True Or False: Can Contact Lenses Melt in Your Eyes?
One of the myths associated with wearing contact lenses is that they can melt in your eyes and cause blindness. But how true are these rumours? Is this a risk that you actually face if you wear contact lenses every day? In this blog, we’ve compiled the evidence to put this myth to rest.
Does Heat Affect Our Eyes?
The first thing to note is that excessive heat can affect your eyes, but not in a way that could melt your lenses. The wearer would have to be in the fire themselves, at which point they would experience life-threatening burns and injuries before the lenses would even have a chance to melt.
Even people who deal with extreme temperatures every day, such as welders, do not experience any issues with their lenses melting to their eyes, and such rumours have been debunked by professionals in the past. There have been no reported cases of people in this line or work, or similar roles, ever having suffered from their lenses melting to their eyes.
However, heat can cause other problems for your eyes, so taking precautions is important. Conjunctivitis can occur as a result of heat, increasing the likelihood of bacterial infections, along with styes, seasonal allergies and dry eyes, all of which can be exacerbated by heat and the warmer months. As a result, it’s worth paying close attention to any potential symptoms of infection so you can treat the issue quickly and prevent it from spreading.
Are Contact Lenses Affected By Heat?
Contact lenses are made from a mix of plastic polymers which could be melted if exposed directly to a high enough temperature. But staring at flames or being close to a heat source isn’t high enough for your lenses to melt in your eyes. Contact lenses undergo a number of procedures when being produced, including autoclaving which is essential for disinfecting the lens before it’s released to the general public.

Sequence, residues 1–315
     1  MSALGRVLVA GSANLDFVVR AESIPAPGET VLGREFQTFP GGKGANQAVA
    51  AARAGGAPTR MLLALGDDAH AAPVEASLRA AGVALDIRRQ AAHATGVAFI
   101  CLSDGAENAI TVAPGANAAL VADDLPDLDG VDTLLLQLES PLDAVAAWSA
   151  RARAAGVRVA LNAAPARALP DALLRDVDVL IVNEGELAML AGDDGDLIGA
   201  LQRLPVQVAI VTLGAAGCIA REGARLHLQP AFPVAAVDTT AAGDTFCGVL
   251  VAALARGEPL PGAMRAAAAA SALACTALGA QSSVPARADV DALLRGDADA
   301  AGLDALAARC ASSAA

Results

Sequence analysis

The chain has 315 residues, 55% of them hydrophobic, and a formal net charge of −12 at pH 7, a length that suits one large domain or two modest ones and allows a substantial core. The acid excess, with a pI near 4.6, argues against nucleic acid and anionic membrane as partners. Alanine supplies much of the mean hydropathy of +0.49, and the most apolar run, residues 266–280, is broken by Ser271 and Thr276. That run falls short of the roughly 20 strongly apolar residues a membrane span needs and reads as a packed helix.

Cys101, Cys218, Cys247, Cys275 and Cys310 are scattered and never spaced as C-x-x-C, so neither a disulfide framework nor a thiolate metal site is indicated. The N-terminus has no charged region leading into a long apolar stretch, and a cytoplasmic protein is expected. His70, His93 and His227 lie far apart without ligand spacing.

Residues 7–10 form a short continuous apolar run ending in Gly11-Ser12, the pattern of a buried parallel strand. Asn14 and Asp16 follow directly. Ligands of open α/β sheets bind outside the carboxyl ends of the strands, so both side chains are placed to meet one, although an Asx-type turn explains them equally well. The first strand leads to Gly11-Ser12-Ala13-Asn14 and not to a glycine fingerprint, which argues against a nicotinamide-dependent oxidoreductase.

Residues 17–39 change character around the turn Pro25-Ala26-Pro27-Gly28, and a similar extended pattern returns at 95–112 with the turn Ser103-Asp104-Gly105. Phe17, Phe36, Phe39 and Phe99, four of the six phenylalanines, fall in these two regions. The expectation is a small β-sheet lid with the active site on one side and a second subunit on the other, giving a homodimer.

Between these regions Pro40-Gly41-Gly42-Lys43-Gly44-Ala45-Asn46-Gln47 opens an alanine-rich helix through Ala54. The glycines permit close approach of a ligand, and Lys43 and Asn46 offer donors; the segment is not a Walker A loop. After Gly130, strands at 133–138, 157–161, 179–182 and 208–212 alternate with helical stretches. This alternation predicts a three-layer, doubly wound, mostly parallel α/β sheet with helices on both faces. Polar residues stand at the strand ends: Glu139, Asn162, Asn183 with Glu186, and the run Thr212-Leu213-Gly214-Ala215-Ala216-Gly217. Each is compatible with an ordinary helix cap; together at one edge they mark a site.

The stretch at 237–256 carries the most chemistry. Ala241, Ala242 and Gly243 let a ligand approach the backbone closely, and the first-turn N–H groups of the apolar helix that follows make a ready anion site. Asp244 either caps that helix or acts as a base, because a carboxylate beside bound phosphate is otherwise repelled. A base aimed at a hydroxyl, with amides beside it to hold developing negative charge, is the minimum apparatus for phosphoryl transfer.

As part of this procedure, the lenses are placed in boiling water, at temperatures of around 121oC. Obviously, the lenses don’t melt during this procedure, ensuring they’ll be safe on your eyes. They also undergo rigorous testing and screening to ensure they’re suitable for the market. The only consistent guidance that contact lens manufacturers and health professionals agree on is that your lenses shouldn’t come into contact with water and that you shouldn’t sleep with your lenses in.
However, being close to intense heat, like a fire, could cause the tear layer over your lens to evaporate which could lead to dry eyes. This can make it feel like your lenses are stuck to your eyes, because there’s no moisture to move the lens around with, but eye drops would be sufficient to lubricate them and get them moving once more. If you feel your lenses are drying out, it’s worth using some suitable eye drops to prevent the issue, or switching to glasses to avoid irritation.
How To Protect Your Eyes
There are risks associated with heat and contact lenses, so it’s worth taking note during the warmer weather to protect your eyes and minimise the risk of infection. Switching to daily lenses instead of monthly ones can help to reduce the risk of bacterial infections, as you can always be sure that you’re wearing a fresh, clean pair of lenses each day. However, if you want to continue with monthly lenses, it’s essential that you wash your lenses thoroughly after each wear and keep the case clean as well. Never reuse solution to wash your lenses or top up the storage container.
It’s also a good idea to wear sunglasses to protect your eyes from excessive light. UV-blocking lenses can be beneficial, coupled with sunglasses, to protect your eyes from harsh UV light that can cause long-term damage to your vision. Over time, exposure to UV light can lead to photokeratitis, cataracts and even ocular cancers. So, it’s important to protect your eyes from sunlight so as to avoid this problem.
Maintaining clean hands whenever you touch your eyes, and especially when you’re taking out your lenses or putting in a new pair, will reduce the risk of bacteria being transferred to your eyes. Staying hydrated is also important, as dehydration can cause your eyes to dry out, leading them to become itchy and irritated. If you’re finding that you’re suffering with dry eyes regularly, it’s worth speaking to your optician as they can recommend eye drops that are suitable with your lenses, or give you a recommendation for lenses which are more moisturising.
There are precautions you need to take when you’re wearing contact lenses, such as maintaining a thorough, regular cleaning schedule, avoiding contact between your lenses and water to minimise the risk of bacterial infections, and making sure you don’t wear your lenses for too long to give your eyes a break. This is particularly important during the summer months when the warmer temperatures can cause an increase in bacteria.
However, the likelihood of contact lenses melting to your eyes is virtually impossible, and there have been no substantiated cases where this has been recorded. So, you can rest assured that when you’re wearing your lenses, you can do so safely.